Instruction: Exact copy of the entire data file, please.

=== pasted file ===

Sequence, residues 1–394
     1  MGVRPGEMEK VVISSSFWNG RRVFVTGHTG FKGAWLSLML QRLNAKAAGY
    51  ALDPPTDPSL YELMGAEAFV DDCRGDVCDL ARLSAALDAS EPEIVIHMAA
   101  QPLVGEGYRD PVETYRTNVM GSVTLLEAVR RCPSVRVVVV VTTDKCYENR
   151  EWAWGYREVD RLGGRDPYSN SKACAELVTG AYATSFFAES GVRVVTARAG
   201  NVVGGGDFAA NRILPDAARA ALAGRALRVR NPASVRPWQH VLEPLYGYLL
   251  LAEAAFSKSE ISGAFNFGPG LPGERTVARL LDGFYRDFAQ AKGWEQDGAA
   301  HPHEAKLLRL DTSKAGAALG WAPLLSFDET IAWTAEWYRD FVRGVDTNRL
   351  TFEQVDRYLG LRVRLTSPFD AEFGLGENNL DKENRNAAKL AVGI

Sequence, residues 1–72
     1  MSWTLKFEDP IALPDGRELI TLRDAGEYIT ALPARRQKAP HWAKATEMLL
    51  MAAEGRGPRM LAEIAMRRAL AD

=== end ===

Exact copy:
Sequence, residues 1–394
     1  MGVRPGEMEK VVISSSFWNG RRVFVTGHTG FKGAWLSLML QRLNAKAAGY
    51  ALDPPTDPSL YELMGAEAFV DDCRGDVCDL ARLSAALDAS EPEIVIHMAA
   101  QPLVGEGYRD PVETYRTNVM GSVTLLEAVR RCPSVRVVVV VTTDKCYENR
   151  EWAWGYREVD RLGGRDPYSN SKACAELVTG AYATSFFAES GVRVVTARAG
   201  NVVGGGDFAA NRILPDAARA ALAGRALRVR NPASVRPWQH VLEPLYGYLL
   251  LAEAAFSKSE ISGAFNFGPG LPGERTVARL LDGFYRDFAQ AKGWEQDGAA
   301  HPHEAKLLRL DTSKAGAALG WAPLLSFDET IAWTAEWYRD FVRGVDTNRL
   351  TFEQVDRYLG LRVRLTSPFD AEFGLGENNL DKENRNAAKL AVGI

Sequence, residues 1–72
     1  MSWTLKFEDP IALPDGRELI TLRDAGEYIT ALPARRQKAP HWAKATEMLL
    51  MAAEGRGPRM LAEIAMRRAL AD